Nine scientists are entering the US congress next year, from engineers and health professionals to an energy businessman and a computer programmer. Six of them are women, including a new senator for Nevada.

In another pick-up for House Democrats, Kim Schrier was declared the winner Friday after a tight race with the incumbent Dino Rossi in Washington’s 8th Congressional District.

She became the ninth scientist to win election to Congress in 2018, and tweeted about it:

When the 116th Congress heads to Washington in January, there will be a record number of women in the ranks — at least 123, including the first Muslim women, the first Somali-American, and the first Native American women.

There will be more scientists too.

Nine new science-credentialed candidates were elected: eight Democrats and one Republican.

The Democratic candidates all ran successful campaigns with the support of a nonprofit political action committee called 314 Action, which started in 2016 and is dedicated to recruiting, training, and funding scientists and healthcare workers who want to run for political office.

“They bring a real wealth of experience that’s really lacking in Congress today,” said Shaughnessy Naughton, president of 314 Action. “There are more reality show people in Congress, including our president, than there are chemists and physicists.”

Naughton said that when it comes to political influence in Washington, scientists have typically stood in the sidelines. Not so much anymore.

“Traditionally among the scientific community the attitude has been science is above politics and shouldn’t involved in politics,” she said. “Clearly that is not working.”

Since taking office President Trump has withdrawn from the Paris climate agreement, questioned a UN report warning of the dire consequences of climate change and supported the EPA’s rollback on carbon pollution standards.

Naughton accused Trump and his administration of waging a “war on facts and truth” and said she’s seen a recent surge in the number of scientists — “political outsiders,” she called them — running for office to speak out on issues such as climate change and healthcare.

But the wins for science don’t stop at these fresh faces.

Now that Democrats have gained a majority in the House, the House Committee on Science, Space, and Technology will flip too.

Lamar Smith, the Texas Republican who has chaired the committee and vehemently denies man-made climate change, is retiring.

The next chair of that committee will likely be Eddie Bernice Johnson, a Texas Democrat who has served in the House since 1993 and former chief psychiatric nurse at the Dallas Veterans Administration Hospital in Texas.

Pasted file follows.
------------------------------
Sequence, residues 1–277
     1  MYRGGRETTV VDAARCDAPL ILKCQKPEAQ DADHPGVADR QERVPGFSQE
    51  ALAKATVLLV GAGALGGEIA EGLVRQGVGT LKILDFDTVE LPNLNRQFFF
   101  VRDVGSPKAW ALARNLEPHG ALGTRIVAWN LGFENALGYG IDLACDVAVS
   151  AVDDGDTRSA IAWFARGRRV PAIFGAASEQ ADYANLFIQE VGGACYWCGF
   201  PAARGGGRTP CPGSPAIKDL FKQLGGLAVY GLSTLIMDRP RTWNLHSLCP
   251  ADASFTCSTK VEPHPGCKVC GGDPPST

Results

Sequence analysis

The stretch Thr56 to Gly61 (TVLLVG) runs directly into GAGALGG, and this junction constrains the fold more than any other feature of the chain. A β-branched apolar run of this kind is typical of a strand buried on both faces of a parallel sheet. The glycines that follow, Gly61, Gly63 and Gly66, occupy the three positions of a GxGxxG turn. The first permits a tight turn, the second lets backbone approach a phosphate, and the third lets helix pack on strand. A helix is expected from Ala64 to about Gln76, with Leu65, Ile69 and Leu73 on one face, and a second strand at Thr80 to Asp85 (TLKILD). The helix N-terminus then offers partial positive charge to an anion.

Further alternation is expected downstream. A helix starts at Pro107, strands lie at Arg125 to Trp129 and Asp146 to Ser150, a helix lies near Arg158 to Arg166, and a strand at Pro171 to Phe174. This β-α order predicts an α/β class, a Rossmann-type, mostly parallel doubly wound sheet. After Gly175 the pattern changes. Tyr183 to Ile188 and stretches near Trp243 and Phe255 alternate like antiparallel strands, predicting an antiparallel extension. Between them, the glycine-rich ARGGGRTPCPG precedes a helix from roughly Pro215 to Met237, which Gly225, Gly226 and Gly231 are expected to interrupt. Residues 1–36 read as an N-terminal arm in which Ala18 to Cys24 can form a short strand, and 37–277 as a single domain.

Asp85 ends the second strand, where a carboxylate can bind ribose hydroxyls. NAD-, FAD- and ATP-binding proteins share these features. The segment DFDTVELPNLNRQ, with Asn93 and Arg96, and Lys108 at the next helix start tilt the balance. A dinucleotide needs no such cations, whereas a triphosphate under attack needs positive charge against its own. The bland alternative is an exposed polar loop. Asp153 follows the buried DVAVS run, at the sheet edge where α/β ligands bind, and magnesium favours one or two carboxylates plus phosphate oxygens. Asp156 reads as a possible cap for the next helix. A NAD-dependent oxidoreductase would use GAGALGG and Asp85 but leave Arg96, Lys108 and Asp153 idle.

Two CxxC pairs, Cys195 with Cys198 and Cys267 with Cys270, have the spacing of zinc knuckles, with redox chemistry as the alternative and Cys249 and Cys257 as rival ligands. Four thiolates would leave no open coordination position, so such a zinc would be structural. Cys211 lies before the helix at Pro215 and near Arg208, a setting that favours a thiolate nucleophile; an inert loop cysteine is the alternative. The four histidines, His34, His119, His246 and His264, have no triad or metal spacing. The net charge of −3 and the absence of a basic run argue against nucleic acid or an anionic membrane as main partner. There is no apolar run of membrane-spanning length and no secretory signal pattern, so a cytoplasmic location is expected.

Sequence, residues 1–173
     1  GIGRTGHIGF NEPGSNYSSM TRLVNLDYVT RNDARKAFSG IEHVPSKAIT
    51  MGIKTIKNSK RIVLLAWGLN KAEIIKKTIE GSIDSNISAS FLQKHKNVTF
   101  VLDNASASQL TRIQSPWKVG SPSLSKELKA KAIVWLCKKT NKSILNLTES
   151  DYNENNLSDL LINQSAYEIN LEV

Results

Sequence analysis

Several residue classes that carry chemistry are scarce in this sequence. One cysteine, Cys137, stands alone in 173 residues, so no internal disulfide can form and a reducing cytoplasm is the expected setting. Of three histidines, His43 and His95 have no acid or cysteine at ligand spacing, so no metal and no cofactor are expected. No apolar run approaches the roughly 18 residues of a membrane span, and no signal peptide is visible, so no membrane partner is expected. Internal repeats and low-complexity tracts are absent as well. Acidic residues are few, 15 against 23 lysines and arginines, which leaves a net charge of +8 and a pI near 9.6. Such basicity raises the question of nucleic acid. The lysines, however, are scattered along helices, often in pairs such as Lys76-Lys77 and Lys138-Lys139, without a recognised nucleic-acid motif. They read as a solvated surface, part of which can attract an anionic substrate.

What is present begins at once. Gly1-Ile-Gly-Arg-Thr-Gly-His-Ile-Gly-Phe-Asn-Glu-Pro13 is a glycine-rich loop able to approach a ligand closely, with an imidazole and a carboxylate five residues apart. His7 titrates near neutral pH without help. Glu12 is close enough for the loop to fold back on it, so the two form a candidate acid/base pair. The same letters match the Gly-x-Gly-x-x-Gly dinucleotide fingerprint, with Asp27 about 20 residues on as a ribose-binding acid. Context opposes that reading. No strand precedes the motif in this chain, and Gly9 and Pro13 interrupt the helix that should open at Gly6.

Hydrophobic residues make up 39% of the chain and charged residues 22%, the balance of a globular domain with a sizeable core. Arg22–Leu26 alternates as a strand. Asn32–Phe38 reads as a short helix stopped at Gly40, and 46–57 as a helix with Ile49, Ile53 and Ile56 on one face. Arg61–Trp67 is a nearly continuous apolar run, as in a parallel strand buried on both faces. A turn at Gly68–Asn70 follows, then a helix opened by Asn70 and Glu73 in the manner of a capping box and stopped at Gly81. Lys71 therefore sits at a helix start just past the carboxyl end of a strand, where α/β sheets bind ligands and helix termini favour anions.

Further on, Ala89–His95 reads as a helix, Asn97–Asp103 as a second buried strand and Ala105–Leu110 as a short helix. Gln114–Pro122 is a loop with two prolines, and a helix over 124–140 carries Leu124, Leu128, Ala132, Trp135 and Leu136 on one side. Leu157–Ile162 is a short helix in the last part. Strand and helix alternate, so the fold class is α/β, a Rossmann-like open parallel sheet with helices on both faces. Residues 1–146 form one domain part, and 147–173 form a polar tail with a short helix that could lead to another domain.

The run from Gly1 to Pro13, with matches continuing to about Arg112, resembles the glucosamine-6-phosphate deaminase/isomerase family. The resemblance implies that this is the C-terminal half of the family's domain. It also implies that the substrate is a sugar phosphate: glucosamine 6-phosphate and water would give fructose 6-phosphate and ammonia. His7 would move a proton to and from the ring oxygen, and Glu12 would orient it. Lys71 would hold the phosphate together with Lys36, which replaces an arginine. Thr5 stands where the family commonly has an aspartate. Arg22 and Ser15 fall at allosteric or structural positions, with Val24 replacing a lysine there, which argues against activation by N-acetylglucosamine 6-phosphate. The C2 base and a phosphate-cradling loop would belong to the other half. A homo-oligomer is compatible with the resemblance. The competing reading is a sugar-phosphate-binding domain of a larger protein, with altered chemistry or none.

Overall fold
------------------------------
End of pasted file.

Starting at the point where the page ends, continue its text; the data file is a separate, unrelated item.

That would mark the first time in 28 years that a person with an actual science degree has held that position.

Think of that: An actual scientist in charge of the science committee in Congress. What an idea!

Dr. Rush Holt, a physicist who represented New Jersey in congress and is now CEO of the American Association for the Advancement of Science, said the newcomers will likely never use their specific expertise but will contribute a much-needed way of thinking.

“What is missing in Congress, and what they are better able to provide, is the science perspective. There are so many issues that have the science embedded in them,” Holt said.

Illinois Democrat representative Bill Foster, one the few current lawmakers who studied and practiced science, said there is an urgent need for lawmakers with a science background.

“There’s hardly any issue that we touch that doesn’t have a technological edge to it, whether you’re talking about the feasibility of an electronic border wall or almost anything to do with military these days … or really the impact on the future of work that you’ll see from the increase in the capability of software,” said Foster, a particle physicist before he was elected to Congress in 2008.

The current Congress boasts just a few scientists — among them a physicist, a microbiologist, and a chemist, all in the House.

Among the 535 voting members are also eight engineers (7 in the House; 1 in the Senate) and several lawmakers who come from the medical field, such as physicians, dentists and psychologists.

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